Outraged by the other giants' disgusting eating habits, Sophie and the BFG develop a plot, which involves the heads of the Army and Air Force as well as the Queen of England, to stop the giants from eating children around the world. In Dahl's second work, The Witches, the main character is seven years old. His Norwegian grandmother, a retired witchophile, becomes his guardian upon the death of his parents. A short time later, when the two are vacationing in Bournemouth, England, the boy accidentally observes the Annual Meeting of the witches in England, and is turned into a mouse by The Grand High Witch.

He manages to escape, and enlists the help of his indomitable grandmother to stop the witches' evil plot to kill all of the children in England in a very creative manner.

The title character in Matilda is a five-year-old child genius whose corrupt parents are practically oblivious to her existence.

When she begins to attend school she encounters Miss Honey, her quiet and lovable teacher. She also meets Miss Trunchbull, the headmistress, an ex-Olympic hammer thrower who continues to practice with children. She then develops a plan to use her power to get rid of Miss Trunchbull for good, and to rectify the wrongs done to Miss Honey. These three books, with their young heroes and heroines, are major contributions to the young adult market, due to the high level of commonality that Roald Dahl's protagonists share with the readers.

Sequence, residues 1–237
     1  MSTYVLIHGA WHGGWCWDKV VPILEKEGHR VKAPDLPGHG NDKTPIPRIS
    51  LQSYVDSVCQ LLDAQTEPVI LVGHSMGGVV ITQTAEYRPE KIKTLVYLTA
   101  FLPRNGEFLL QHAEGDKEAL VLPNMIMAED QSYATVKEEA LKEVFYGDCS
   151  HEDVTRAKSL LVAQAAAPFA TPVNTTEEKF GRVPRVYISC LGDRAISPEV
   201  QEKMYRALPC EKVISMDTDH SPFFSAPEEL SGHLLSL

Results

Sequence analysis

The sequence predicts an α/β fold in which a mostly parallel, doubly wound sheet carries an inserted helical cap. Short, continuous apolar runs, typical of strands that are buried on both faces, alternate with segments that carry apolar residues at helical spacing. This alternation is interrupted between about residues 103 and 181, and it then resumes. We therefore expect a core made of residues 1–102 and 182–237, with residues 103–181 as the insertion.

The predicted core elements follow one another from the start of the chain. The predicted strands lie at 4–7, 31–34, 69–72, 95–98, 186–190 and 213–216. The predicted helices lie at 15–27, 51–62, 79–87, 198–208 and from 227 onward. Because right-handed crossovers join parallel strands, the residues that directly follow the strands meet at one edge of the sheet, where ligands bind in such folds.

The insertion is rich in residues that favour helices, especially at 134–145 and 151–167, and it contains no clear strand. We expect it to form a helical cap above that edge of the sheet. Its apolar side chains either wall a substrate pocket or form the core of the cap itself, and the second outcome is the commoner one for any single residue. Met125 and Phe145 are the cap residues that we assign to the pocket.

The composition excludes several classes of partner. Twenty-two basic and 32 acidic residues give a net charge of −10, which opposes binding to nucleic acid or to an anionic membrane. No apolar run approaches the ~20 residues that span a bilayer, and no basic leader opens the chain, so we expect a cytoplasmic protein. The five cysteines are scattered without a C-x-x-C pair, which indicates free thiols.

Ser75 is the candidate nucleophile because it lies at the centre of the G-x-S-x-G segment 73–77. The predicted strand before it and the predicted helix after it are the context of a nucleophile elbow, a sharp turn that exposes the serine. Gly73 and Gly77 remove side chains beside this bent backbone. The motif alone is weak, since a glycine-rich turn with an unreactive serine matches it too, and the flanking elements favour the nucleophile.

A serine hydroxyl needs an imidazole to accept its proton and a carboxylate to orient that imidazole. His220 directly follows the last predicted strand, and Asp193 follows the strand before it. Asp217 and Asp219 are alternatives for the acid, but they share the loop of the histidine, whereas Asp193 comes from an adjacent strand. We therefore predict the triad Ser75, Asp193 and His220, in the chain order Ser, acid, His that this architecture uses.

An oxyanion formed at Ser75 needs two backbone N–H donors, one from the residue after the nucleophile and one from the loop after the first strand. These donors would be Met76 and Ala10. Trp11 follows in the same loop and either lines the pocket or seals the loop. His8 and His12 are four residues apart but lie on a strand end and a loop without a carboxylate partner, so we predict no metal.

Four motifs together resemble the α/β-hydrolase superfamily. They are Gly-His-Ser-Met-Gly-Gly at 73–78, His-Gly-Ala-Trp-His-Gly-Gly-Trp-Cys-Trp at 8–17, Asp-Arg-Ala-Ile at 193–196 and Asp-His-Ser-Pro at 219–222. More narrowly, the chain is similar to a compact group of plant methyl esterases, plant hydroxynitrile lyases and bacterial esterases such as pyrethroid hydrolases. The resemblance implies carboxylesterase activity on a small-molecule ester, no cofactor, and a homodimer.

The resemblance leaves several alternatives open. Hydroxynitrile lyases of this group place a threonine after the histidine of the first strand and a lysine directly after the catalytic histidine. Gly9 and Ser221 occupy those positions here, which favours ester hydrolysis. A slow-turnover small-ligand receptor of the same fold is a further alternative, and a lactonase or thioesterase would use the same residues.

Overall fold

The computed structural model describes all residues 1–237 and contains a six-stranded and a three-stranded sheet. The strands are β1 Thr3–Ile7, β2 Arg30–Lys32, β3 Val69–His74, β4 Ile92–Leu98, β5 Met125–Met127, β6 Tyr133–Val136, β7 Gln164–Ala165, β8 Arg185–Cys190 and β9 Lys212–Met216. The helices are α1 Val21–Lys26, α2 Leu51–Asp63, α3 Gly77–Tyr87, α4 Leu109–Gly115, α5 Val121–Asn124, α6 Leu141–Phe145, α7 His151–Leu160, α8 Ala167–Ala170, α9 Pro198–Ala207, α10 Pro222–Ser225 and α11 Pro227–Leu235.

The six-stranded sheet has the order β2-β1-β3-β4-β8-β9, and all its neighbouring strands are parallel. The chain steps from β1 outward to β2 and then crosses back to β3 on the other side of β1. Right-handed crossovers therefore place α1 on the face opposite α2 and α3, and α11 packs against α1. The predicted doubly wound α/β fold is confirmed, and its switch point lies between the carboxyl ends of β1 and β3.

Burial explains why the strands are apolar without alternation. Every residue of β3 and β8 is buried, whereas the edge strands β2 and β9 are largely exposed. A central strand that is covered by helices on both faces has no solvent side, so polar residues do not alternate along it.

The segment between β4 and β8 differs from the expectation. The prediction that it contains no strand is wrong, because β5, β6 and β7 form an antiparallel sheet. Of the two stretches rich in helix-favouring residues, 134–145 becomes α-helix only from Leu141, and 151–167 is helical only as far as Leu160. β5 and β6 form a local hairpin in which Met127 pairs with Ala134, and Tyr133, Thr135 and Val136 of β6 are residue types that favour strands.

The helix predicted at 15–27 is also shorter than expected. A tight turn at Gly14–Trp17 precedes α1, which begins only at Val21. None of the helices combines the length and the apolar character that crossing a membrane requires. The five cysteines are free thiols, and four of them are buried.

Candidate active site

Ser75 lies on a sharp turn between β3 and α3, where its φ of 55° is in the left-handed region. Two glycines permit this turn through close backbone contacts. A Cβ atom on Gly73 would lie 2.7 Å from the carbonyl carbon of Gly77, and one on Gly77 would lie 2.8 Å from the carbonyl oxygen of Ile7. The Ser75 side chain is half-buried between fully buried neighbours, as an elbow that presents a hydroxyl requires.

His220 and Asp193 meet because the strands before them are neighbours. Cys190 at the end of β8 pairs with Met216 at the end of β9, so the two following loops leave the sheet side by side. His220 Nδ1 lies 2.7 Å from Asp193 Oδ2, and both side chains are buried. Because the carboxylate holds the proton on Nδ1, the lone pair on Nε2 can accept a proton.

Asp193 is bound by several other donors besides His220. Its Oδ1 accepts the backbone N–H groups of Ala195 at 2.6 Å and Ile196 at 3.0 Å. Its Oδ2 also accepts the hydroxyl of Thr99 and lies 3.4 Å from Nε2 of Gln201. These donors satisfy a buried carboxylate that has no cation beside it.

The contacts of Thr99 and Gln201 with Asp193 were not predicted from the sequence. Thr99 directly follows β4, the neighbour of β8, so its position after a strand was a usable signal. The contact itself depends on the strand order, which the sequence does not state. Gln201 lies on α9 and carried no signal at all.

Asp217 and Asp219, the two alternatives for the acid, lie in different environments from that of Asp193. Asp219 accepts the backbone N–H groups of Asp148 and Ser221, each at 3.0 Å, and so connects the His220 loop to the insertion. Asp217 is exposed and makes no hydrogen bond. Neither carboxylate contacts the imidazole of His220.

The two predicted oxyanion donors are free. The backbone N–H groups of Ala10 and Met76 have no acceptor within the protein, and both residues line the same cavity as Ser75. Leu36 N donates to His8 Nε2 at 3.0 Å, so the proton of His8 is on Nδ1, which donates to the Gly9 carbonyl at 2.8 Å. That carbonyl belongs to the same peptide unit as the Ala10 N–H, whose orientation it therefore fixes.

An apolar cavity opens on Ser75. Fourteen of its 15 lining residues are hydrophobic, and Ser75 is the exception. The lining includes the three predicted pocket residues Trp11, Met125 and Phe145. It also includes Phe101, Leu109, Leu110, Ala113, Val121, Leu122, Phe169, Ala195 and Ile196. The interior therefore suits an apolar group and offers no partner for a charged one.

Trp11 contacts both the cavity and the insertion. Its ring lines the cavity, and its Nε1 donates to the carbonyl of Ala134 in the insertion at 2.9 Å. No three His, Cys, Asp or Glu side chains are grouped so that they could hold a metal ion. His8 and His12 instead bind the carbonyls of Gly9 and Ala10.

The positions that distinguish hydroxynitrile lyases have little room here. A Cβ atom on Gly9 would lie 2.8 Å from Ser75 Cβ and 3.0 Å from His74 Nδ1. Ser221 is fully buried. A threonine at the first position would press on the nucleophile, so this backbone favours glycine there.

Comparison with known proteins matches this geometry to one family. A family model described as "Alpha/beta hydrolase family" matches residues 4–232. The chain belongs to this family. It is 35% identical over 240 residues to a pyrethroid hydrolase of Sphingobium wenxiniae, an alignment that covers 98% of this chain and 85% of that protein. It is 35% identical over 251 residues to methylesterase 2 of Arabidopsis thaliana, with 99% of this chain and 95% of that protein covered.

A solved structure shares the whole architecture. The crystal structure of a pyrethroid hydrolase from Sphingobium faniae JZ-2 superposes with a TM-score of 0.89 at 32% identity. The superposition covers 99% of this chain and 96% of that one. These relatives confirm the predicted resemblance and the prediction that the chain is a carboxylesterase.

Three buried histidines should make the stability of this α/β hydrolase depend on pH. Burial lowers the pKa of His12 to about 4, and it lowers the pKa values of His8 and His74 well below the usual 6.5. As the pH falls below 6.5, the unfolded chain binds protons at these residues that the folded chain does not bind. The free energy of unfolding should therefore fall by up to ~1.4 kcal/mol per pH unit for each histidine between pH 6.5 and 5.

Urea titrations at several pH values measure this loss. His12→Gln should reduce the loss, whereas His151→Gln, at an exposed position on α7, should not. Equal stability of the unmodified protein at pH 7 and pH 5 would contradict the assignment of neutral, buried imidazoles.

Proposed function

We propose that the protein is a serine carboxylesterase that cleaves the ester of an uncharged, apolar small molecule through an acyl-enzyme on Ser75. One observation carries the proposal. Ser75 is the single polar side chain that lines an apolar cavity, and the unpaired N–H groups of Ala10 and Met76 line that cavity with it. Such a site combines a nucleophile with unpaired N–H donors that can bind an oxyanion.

Dahl's View of the World- and Its Place in his Books Several occurrences in Dahl's life can be connected to emerging values seen in his literature for adolescents.

From very early in life, he was isolated from society because his mother, who was Norwegian, did not feel comfortable in English society after the death of his father West. He grew up hearing Norwegian myths and taking annual vacations to Norway, a setting which is significantly reflected in The Witches Howard.

Dahl's mother honored his father's wishes and sent their children to English schools, despite the fact that at that time English schools stressed corporal punishment, of which Dahl's mother did not approve West.